URI professors call for justice against environmental racism

Disproportionate impacts of environmental hazards on people of color

Graphic by: Maddie Bataille | Photo Editor

In honor of April being Earth Month, professors at the University of Rhode Island discussed the topic of environmental racism and justice.

The non-profit organization, Greenaction, defines environmental racism as “the disproportionate impact of environmental hazards on people of color,” explaining environmental justice is a movement in response to combating this social issue.

This form of systemic racism arises when communities are segregated and then environmental problems are placed next to low-income neighborhoods, according to political science professor Aaron Ley.

Amelia Moore, associate professor of marine affairs, focused the topic of environmental racism more directly toward ecological justice, pertaining to communities that have been driven off their land by the interests of others.

 “Who are we protecting this land for? Who is going to be able to access these spaces?” Moore said. “Right now, a lot of places are being protected for elite tourists.” 

She emphasized that it was important to recognize the relationships that different communities have with the land.

Much of the country’s natural land has been claimed by groups of people who seek profit at the expense of the communities that previously lived with it, and these groups of people are most often people of color. 

“To imagine an ecosystem is only healthy without people is not a universally idea,” Moore said.

For URI specifically, the Narragansett Tribe has been acknowledged as the people that are paid tribute, those who previously lived on and stewarded the land the University now resides on. 

“There is a large conversation that nature is not considered to be a space for African Americans, that these are urban problems,” she said.

 The history of segregation and exclusion affects both the land and the people who have inhabited it over time.

In many situations, communities of color have been driven off rural land and encouraged toward urban areas, where many issues of environmental justice present themselves. 

For Ley, he spoke largely on marginalized groups in urban areas, rather than rural areas. These inequities have been prevalent since the Great Depression, according to a study conducted by the School of Environment and Sustainability at the University of Michigan. 

After the New Deal was implemented, communities were segregated by income to allow for white families to move into suburban developments whereas marginalized communities were appointed to urban areas. This was called Redlining. The federal government created color-coded maps to determine which areas were most risky for investment, those being minority communities based on racial biases, according to Ley.

These urban areas are now subject to higher risk from heat waves, landfill pollution, industrial pollution, and other climate hazards that expose these individuals to higher health risks. Ley explained that with communities placed next to industrial zones, diesel emissions increase, air quality diminishes, demand decreases and property values decrease, therefore attracting lower-income buyers. Large landfills and recycling plants allow for any heavy rains to run through these areas and litter these urban communities with polluted runoff.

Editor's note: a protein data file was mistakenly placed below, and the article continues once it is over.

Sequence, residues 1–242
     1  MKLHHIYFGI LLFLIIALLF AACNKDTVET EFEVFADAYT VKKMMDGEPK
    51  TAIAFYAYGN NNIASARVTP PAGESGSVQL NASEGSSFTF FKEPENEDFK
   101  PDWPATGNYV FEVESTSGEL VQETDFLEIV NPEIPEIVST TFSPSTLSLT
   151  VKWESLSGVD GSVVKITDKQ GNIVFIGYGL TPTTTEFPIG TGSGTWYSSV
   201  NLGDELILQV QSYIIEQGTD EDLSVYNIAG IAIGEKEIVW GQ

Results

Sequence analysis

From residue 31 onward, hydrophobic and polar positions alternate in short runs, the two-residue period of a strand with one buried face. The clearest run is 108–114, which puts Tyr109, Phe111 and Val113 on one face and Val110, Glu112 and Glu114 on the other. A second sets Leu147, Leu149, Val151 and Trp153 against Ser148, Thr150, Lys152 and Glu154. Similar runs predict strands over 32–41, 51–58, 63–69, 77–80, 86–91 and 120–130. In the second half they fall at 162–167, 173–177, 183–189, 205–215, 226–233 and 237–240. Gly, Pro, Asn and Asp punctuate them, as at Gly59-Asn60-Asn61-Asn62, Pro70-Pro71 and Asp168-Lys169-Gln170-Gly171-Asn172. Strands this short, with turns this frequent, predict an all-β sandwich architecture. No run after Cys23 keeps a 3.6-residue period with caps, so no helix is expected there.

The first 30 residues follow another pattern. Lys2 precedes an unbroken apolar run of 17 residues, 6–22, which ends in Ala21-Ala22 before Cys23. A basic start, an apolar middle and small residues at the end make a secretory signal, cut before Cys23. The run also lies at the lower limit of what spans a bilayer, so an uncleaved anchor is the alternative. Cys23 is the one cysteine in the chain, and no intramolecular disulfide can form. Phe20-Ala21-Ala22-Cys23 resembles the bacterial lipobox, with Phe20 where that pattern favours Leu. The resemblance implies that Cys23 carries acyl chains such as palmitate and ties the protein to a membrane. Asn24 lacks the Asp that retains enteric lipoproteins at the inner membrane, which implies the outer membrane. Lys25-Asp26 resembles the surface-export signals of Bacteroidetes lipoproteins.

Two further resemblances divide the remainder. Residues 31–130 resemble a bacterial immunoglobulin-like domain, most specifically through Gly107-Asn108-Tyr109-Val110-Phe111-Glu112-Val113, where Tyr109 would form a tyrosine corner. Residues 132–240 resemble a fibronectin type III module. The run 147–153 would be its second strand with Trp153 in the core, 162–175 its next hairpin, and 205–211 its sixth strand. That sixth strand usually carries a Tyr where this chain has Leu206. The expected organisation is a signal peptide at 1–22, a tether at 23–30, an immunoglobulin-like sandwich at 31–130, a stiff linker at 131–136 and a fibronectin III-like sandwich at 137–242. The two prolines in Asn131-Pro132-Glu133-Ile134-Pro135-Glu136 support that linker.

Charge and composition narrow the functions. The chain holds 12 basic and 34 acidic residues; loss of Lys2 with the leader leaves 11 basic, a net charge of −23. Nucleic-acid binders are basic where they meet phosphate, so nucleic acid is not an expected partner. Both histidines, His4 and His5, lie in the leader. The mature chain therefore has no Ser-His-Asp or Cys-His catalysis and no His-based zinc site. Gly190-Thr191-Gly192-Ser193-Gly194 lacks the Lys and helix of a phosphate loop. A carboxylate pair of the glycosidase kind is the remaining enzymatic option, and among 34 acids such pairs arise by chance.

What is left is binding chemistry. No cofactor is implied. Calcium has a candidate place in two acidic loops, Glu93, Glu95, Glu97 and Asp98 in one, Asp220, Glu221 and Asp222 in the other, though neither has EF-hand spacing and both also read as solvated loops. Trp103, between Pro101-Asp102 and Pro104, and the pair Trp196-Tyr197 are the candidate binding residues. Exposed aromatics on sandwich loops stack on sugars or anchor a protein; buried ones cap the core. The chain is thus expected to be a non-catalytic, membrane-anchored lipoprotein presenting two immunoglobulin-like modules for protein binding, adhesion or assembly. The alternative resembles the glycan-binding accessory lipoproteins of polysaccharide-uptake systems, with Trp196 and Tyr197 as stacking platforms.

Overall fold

Much of this environmental discrimination stems from previously implemented legislation that separated communities by location in urban areas, which makes this a systemic issue. Those who are able to pay more for housing are ultimately protected from disproportionate environmental factors and the resulting health effects.

Particularly in cities, populations experience an urban heat island effect, where there is more concrete and fewer green spaces, said Ley. This ultimately raises city temperatures from rural ones as concrete absorbs heat much differently, keeping it much closer to the ground. With this rise in temperature, climate change disproportionately exposes urban communities to these heat issues that require spending more money on cooling methods. These areas may ultimately rely on cooling centers during heat emergencies, such as fire departments and libraries, Ley said.

“They’re paying more to cool their houses, houses may be more humid which causes more mold to develop in their houses, so then they’re exposed to very severe health conditions,” Ley said. This zoning and lack of environmental laws can target marginalized communities who cause major problems to a minority of people that are impacted.

These issues are also seen when natural disasters strike lower-income areas, such as Cuba after Hurricane Ian. The island experienced a nation-wide blackout which left 11 million people in the dark and many without water, according to BBC News

With areas that cannot put extra funding into infrastructure and preventative supplies, their communities experience disproportionate environmental risks. 

Locally, bills have been passed to repurpose contaminated areas into industrial zones, which poses economic benefits but still exposes surrounding communities to harmful emissions.In order to exercise activism for environmental justice, individuals can reach out to the People’s Port Authority to get involved. For more information about climate justice in different environments, students can turn to OurClimate.us. Additionally, information about land justice for indigenous communities can be found at Landback.org.